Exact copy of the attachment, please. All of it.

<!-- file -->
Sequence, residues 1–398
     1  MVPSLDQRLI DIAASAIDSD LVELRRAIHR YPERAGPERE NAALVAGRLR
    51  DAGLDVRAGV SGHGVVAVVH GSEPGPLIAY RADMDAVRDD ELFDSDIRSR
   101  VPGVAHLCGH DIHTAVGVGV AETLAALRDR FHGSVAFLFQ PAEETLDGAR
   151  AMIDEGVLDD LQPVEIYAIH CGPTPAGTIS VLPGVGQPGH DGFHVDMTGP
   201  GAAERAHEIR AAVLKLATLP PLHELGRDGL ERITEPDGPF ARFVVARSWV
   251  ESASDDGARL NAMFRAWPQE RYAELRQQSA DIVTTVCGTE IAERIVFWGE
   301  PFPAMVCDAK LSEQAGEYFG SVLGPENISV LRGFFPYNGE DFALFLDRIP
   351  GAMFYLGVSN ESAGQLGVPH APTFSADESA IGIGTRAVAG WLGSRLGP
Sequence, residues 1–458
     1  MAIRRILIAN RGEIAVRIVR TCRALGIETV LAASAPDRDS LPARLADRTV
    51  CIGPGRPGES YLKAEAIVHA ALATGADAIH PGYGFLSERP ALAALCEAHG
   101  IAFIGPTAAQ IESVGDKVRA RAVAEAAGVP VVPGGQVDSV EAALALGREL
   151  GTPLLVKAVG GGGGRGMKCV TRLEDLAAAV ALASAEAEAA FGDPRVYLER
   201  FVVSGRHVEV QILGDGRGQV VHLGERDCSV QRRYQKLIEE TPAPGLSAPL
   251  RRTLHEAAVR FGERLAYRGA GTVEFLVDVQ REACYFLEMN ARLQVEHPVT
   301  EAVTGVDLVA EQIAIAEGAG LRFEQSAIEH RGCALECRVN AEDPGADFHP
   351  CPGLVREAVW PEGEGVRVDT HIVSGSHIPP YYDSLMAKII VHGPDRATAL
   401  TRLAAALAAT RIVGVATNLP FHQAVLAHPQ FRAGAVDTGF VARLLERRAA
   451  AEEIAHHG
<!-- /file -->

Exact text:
Sequence, residues 1–398
     1  MVPSLDQRLI DIAASAIDSD LVELRRAIHR YPERAGPERE NAALVAGRLR
    51  DAGLDVRAGV SGHGVVAVVH GSEPGPLIAY RADMDAVRDD ELFDSDIRSR
   101  VPGVAHLCGH DIHTAVGVGV AETLAALRDR FHGSVAFLFQ PAEETLDGAR
   151  AMIDEGVLDD LQPVEIYAIH CGPTPAGTIS VLPGVGQPGH DGFHVDMTGP
   201  GAAERAHEIR AAVLKLATLP PLHELGRDGL ERITEPDGPF ARFVVARSWV
   251  ESASDDGARL NAMFRAWPQE RYAELRQQSA DIVTTVCGTE IAERIVFWGE
   301  PFPAMVCDAK LSEQAGEYFG SVLGPENISV LRGFFPYNGE DFALFLDRIP
   351  GAMFYLGVSN ESAGQLGVPH APTFSADESA IGIGTRAVAG WLGSRLGP
Sequence, residues 1–458
     1  MAIRRILIAN RGEIAVRIVR TCRALGIETV LAASAPDRDS LPARLADRTV
    51  CIGPGRPGES YLKAEAIVHA ALATGADAIH PGYGFLSERP ALAALCEAHG
   101  IAFIGPTAAQ IESVGDKVRA RAVAEAAGVP VVPGGQVDSV EAALALGREL
   151  GTPLLVKAVG GGGGRGMKCV TRLEDLAAAV ALASAEAEAA FGDPRVYLER
   201  FVVSGRHVEV QILGDGRGQV VHLGERDCSV QRRYQKLIEE TPAPGLSAPL
   251  RRTLHEAAVR FGERLAYRGA GTVEFLVDVQ REACYFLEMN ARLQVEHPVT
   301  EAVTGVDLVA EQIAIAEGAG LRFEQSAIEH RGCALECRVN AEDPGADFHP
   351  CPGLVREAVW PEGEGVRVDT HIVSGSHIPP YYDSLMAKII VHGPDRATAL
   401  TRLAAALAAT RIVGVATNLP FHQAVLAHPQ FRAGAVDTGF VARLLERRAA
   451  AEEIAHHG